Notes on the Apocalypse #2

The second introduction, or the second feature of the introduction, of the book of Revelation is actually a Triune salutation. John writes:

“Grace to you and peace, from Him who is and who was and who is to come, and from the seven Spirits before the throne, and from Jesus Christ, the faithful witness, the firstborn from the dead, and the ruler over the kings of the earth. To Him who loved us and freed from our sin with His own blood and has made us kings and priests to our God.”

There are several significant details in the salutation. In the first place, it is a Triune blessing. Grace and peace come to the people of God from the Father, Son and Holy Spirit. This is not so clear on the surface, because of the way in which each Person of the Godhead is spoken of, or from the order in which each member of the Godhead is mentioned.

John describes the Father as “Him who is and who was and who is to come.” He is the everlasting God. The One who has no beginning and no end. Though the Father is not mentioned by any particular name, and though this same description is applied to Jesus in verse 8, the construct necessitates this interpretation. The Father has already been mentioned at the beginning of the book by the name “God.” It is surely taught in Scripture that the Father and the Son are each God in every way that makes Him God. Deity is clearly attributed to the Spirit as well, in such places as Acts 5 where it is said that Ananias and Saphira have lied to the God by lying to the Holy Spirit. But, in the realm of redemption (i.e. the work of the economic Trinity) the Father is often referred to simply as “God.” The other confirmation is the reference to the Spirit and the Son in the subsequent verses.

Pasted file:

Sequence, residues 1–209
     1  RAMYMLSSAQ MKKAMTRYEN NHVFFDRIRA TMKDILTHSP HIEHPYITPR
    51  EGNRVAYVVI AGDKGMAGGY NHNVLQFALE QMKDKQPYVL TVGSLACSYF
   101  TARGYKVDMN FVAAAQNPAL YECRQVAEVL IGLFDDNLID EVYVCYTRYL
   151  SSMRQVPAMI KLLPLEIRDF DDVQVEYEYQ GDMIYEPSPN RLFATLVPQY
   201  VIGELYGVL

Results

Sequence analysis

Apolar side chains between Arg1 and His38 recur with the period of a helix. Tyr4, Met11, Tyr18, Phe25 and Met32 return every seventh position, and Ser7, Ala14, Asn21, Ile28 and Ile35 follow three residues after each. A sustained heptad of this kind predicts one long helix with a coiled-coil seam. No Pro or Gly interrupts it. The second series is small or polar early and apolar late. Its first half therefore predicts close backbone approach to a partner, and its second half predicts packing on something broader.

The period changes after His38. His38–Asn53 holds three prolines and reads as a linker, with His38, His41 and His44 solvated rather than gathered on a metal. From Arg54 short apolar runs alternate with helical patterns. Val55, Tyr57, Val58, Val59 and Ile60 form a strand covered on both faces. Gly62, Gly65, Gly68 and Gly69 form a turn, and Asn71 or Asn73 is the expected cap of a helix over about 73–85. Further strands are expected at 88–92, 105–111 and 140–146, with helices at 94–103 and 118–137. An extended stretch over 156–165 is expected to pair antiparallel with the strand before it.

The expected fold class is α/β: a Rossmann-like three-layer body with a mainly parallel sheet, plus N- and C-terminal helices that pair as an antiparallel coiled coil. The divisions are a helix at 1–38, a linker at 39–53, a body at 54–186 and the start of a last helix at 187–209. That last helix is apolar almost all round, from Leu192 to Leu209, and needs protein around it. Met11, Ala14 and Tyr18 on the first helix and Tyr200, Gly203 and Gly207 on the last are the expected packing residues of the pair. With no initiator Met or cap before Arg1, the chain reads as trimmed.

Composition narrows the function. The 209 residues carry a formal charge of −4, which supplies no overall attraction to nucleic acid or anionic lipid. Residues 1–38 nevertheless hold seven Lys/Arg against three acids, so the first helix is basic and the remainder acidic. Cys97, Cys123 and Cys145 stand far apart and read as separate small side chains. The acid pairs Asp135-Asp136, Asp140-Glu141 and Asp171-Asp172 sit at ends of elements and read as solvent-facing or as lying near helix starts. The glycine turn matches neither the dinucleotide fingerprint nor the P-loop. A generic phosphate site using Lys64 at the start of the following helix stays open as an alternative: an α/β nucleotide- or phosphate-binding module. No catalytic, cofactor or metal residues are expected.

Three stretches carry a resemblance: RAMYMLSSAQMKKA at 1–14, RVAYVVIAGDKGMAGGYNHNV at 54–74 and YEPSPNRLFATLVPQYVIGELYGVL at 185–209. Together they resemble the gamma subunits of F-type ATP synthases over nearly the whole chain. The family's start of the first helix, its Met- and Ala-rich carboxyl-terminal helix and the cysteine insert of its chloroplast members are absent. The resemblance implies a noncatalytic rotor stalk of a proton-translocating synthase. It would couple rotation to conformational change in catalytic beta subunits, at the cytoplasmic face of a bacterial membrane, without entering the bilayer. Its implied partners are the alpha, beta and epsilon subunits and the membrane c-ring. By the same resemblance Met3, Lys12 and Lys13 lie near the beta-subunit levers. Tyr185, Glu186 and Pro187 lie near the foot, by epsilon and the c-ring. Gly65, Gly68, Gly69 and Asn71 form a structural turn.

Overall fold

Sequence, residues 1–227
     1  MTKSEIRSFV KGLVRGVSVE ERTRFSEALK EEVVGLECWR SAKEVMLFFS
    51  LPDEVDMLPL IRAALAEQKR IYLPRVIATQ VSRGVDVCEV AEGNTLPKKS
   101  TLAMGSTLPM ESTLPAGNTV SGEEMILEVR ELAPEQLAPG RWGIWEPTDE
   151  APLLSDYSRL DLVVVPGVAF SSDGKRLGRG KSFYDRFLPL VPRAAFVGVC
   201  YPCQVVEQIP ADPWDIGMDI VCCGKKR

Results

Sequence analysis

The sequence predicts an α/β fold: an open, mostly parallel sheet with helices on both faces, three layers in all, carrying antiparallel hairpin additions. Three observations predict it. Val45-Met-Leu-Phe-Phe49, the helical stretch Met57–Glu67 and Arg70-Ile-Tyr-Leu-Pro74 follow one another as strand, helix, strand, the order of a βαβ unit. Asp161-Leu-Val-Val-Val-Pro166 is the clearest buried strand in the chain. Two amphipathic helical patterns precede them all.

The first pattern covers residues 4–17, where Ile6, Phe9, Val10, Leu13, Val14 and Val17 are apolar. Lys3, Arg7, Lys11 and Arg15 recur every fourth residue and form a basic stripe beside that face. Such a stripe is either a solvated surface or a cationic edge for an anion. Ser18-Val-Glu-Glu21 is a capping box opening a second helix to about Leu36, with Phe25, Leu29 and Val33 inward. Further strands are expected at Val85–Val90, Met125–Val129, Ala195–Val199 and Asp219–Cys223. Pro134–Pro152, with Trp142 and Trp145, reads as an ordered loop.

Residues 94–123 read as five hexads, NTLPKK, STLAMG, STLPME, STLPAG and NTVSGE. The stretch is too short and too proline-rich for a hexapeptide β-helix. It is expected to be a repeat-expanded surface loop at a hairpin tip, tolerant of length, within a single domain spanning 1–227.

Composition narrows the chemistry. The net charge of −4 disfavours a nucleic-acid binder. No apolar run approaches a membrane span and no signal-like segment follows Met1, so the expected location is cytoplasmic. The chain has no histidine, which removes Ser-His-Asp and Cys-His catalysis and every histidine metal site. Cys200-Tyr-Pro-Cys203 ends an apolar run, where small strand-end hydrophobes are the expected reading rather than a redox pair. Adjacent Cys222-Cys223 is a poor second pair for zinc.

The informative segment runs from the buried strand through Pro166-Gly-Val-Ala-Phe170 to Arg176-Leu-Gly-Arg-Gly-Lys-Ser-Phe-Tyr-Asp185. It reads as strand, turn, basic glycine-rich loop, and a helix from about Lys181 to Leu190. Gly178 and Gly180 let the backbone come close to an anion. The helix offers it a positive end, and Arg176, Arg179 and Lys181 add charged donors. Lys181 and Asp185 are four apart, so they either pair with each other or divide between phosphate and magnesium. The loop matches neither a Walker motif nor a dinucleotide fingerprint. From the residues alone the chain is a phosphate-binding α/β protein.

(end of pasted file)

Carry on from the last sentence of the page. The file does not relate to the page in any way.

John goes on to say that grace and peace come from the “seven Spirits who are before His throne.” Why is the Spirit spoken of as the “seven spirits?” It would appear, by the close proximity of the description of the churches to whom this prophecy is given, that the Spirit is to be understood as the perfect gift to the church. John is writing to the “seven churches.” It is the “seven spirits” given to the “seven churches.” The number seven obviously has a symbolic meaning. God created in six days and rested on the seventh. It is the number of completion, perfection or wholeness. According to Solomon, there are six things that God hates, yes, seven are an abomination to Him. Surely there are more than seven things that are an abomination to the infinitely holy God. Surely God hates all evil. This is the point of using the number 7. Again, it is said by Solomon, “For the righteous falls seven times and rises again.” The righteous may well fall many more times that seven–even as much as seventy times seven–but the point is that no matter how complete his falling may seem he will rise again. So, in the book of Revelation the Holy Spirit of God, who works His perfect work in the church, is termed the “seven Spirits.”